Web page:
Sunday, 25 August 2013

Education and its difficult scenarios

According to the International Labor Association, in most Arab countries, even though education rates are higher for women, they still have fewer opportunities to work than men.
At first, the information may seem a bit too negative, but in fact it shows a change of values in society. Education is always the first step towards an equal and fair environment to all. It helps women to know their rights, to marry later, to stop the crazy demand of modern days to look beautiful all the time. It is a step towards awareness and economic wealth, but it brings more than that: it brings a chance to have another kind of life.
When my grandmother was young, eighty years ago, her father wouldn’t allow her to study. He used to say that “a girl doesn’t need to study” and “reading will do the trick”. She didn’t have the opportunity to go to school, but because she always dreamed about reading, a local teacher used to go especially to her house to teach her how to read. This was her only experience with education.
Since she valued the chance she had, her children went to school and later on to university and became doctors, teachers and engineers. This is only one example, but through it we are able to understand that the seed of education was planted and because of it, many lives changed.
Sexual diseases, appropriate awareness about health and many other essential themes are discussed in school grounds. This is why it is particularly important to create in schools a safe and prejudice-free environment for boys and girls to learn. We cannot have more Malalas!                                                                      Photo extracted from the Ethics Education for Children website.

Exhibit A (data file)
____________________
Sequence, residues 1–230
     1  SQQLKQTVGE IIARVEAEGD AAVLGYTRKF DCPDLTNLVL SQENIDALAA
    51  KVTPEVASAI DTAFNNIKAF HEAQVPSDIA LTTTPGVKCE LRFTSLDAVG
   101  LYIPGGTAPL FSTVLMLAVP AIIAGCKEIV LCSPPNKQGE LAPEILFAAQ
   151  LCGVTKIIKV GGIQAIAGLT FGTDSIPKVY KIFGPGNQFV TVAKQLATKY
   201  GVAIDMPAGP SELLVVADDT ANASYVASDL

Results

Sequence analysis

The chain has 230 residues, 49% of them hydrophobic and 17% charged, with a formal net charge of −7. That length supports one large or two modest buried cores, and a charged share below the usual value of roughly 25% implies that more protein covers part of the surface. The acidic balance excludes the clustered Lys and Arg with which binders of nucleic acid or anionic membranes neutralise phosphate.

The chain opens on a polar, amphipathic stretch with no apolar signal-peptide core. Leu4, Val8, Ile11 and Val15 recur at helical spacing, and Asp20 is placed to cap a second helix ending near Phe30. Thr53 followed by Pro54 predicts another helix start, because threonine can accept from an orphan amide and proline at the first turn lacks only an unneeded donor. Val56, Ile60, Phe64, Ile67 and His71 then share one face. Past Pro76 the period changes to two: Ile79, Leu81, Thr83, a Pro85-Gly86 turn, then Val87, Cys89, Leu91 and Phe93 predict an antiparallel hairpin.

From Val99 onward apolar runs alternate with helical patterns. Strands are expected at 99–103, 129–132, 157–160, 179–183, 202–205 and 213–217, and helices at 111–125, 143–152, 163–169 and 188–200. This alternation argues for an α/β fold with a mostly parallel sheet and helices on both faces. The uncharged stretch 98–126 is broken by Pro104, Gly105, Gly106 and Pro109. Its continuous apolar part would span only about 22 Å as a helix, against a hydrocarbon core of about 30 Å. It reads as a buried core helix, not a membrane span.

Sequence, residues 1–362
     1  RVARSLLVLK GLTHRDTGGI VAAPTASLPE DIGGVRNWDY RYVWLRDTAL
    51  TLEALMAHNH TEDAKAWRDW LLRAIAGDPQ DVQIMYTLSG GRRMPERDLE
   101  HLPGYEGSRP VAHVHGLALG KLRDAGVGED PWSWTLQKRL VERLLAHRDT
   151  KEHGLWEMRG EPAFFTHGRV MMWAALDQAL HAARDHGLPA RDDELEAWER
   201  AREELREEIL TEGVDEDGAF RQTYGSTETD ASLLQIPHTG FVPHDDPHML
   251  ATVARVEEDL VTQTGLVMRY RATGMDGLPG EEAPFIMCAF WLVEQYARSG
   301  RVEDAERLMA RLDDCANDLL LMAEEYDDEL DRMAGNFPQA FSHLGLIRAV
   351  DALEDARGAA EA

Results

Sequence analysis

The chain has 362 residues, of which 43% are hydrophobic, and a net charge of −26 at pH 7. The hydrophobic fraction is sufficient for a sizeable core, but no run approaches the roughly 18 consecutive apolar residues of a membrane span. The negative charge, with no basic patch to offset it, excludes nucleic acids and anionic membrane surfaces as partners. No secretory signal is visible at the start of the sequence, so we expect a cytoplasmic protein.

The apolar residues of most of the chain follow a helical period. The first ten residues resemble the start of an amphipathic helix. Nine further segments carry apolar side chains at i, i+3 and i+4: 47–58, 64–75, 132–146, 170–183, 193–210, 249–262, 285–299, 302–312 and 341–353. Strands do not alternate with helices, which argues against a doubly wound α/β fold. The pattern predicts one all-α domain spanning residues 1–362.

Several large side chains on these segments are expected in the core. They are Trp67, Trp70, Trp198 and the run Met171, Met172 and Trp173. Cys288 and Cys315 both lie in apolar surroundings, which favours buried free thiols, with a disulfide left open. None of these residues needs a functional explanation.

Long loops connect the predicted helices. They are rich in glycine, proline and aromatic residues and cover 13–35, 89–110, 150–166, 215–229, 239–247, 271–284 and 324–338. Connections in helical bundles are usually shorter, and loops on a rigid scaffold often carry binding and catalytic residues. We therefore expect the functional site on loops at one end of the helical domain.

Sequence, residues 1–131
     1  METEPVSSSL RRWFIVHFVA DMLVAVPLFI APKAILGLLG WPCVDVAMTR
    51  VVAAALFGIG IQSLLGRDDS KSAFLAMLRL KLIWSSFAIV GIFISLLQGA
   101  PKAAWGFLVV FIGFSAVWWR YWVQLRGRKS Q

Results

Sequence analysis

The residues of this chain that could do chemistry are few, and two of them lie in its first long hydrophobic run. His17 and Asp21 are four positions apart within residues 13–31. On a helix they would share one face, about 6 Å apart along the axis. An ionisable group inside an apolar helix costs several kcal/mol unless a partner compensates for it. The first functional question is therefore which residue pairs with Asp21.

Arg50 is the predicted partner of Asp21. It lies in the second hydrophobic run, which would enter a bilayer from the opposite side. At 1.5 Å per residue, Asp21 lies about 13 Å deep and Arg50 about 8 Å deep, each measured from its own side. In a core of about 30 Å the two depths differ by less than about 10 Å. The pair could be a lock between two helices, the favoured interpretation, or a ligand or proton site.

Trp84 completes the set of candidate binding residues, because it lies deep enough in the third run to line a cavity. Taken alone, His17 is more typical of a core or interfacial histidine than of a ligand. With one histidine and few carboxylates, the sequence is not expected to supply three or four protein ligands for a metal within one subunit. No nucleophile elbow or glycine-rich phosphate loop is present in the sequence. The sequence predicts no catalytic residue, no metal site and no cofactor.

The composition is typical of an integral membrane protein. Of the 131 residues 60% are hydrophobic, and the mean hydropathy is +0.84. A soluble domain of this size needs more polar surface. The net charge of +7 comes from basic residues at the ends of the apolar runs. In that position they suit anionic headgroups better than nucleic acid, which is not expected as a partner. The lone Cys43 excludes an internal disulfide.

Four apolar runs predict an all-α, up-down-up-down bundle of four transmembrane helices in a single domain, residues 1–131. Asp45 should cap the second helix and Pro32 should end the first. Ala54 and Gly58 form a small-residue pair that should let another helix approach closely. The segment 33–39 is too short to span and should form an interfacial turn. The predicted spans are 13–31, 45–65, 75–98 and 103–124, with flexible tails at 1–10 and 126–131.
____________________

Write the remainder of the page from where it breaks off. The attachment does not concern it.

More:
Besides the illogical and prejudicial idea that schools are not for girls, there is also a common link between the lack of education and child labor, which affects both genders and creates an even more difficult scenario.
Many children (not just girls) decide to work instead of studying in order to contribute with the family’s income. This is a very unfortunate situation and very difficult to deal with as well.  Now think: if the scenario is difficult for boys can you imagine how much more though it is for girls?
There are, however, some examples of successful political measures that can end the common link between absence in school and child labor. Many countries have implemented social programs in which children who attend school get financial aid, while those who miss it risk losing the extra assistance.
    Our world is incredibly unequal to all, but there is no way to deal with inequality without thinking about education. Schools promote gender equality and both boys and girls shouldn’t miss the opportunity. We need more safe schools in order to create a free thinking environment, as well as more social policies and studies regarding education and awareness. Education is a right, it cannot be a privilege.

Gabriela Isa Rosendo Vieira Campos

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